Climato-stratigraphic subdivision of the Pleistocene in Schleswig-Holstein, Germany and adjoining areas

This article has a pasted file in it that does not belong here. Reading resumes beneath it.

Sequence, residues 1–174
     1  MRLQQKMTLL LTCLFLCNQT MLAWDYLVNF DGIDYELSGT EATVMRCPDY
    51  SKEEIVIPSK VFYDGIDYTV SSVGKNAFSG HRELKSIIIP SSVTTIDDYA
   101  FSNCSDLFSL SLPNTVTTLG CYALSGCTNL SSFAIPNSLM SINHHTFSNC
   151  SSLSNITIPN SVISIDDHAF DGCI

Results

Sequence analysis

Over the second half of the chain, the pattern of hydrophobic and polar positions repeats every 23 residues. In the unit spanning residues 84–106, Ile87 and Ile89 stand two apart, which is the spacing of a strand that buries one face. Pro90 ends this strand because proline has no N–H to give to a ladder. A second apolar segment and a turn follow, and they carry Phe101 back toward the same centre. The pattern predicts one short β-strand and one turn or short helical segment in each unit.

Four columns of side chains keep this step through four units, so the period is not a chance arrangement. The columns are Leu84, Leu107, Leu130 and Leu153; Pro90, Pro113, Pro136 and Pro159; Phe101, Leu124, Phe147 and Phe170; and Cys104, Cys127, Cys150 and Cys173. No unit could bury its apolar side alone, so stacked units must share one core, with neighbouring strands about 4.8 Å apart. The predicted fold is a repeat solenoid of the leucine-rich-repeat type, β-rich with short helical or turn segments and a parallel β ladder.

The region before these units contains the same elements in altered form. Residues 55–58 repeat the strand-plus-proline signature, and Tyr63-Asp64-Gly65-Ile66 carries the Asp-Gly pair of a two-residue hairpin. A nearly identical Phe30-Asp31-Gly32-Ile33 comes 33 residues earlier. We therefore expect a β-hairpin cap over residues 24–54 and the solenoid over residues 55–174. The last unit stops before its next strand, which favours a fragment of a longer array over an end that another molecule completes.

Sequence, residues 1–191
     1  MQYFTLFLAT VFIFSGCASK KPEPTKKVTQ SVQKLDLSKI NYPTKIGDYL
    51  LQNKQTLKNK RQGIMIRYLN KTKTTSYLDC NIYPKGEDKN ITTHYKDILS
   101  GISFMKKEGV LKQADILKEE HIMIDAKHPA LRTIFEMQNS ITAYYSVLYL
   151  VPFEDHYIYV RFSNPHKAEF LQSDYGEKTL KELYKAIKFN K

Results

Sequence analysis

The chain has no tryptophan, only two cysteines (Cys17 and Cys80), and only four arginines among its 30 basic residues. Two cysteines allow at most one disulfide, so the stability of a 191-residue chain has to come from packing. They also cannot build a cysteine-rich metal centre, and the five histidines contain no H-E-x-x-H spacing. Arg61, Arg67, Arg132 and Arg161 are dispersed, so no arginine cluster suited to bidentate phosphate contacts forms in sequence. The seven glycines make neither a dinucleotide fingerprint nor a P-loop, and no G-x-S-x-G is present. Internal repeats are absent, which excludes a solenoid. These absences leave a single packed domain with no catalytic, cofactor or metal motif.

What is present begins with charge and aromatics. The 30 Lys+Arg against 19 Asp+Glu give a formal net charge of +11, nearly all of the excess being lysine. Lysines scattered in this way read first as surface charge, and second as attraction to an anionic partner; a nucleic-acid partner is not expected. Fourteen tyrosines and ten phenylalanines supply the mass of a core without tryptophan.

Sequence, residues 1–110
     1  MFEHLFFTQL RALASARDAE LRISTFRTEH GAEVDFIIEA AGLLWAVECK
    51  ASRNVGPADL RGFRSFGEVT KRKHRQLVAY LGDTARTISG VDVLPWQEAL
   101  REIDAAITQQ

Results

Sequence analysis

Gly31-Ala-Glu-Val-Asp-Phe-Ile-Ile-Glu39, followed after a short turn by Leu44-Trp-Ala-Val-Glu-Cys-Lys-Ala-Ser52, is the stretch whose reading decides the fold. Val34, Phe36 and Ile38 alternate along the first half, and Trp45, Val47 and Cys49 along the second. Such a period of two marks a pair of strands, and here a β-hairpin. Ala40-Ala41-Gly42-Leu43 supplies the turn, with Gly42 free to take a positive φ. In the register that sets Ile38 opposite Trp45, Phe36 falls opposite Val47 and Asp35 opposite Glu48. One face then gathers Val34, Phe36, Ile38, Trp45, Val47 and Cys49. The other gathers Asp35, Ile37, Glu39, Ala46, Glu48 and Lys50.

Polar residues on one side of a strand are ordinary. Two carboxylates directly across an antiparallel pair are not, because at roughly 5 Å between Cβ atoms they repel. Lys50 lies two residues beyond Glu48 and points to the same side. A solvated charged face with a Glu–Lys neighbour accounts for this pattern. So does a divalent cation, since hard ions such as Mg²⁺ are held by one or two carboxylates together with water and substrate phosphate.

In Schleswig-Holstein detailed petrographical and palynological studies were undertaken with samples from exposures and core drillings examined over the last four decades. Analyses of the gravel fraction and ‘indicator rocks’ of glacial deposits were used for stratigraphical interpretations and correlation. Glaciofluvial sediments were dated by TL and OSL. Combined with the stratigraphical information from organic deposits, a new climato-stratigraphic table of the Pleistocene for Schleswig-Holstein with a revised subdivision of the Middle and Late Pleistocene could be established. The pollen sequence of the oldest Pleistocene warm phase (Warmhörn-Thermomer) is published for the first time. The complete Early Pleistocene and lower Middle Pleistocene stratigraphical sequence is documented at Lieth and at Gorleben (Lower Saxony) in two continuous successions of organic beds developed during warm phases alternating with cold phase deposits. The uppermost part of the Lieth succession and the lowermost part of Gorleben overlap. The combined succession provides a unique reference for correlations through Europe. No more than three cold stages involving glaciation are demonstrated to exist currently in Schleswig-Holstein, the Elsterian and the Saalian in the upper Middle Pleistocene, and the Weichselian in the Late Pleistocene. A possible pre-Elsterian glaciation is discussed. The Holsteinian is correlated with MIS 9e. The Saalian includes a lower part with non-glacial cold phases and warm phases, the ‘Wacken-Warmzeit’ (=Dömnitz) and the ‘Leck-Warmzeit’ correlated with MIS 7e and MIS 7c respectively, and a glacial upper part. During the Weichselian probably two phases of glaciation existed, the first in the early Middle Weichselian (‘Ellund-Phase’; late MIS 4 or/and the early MIS 3), the second in the Upper Weichselian (MIS 2). The Weichselian glaciation of Schleswig-Holstein ends around 15 ka BP when huge stagnant and dead ice masses of the Young Baltic glacier advance (‘Mecklenburg-Phase’) melted.
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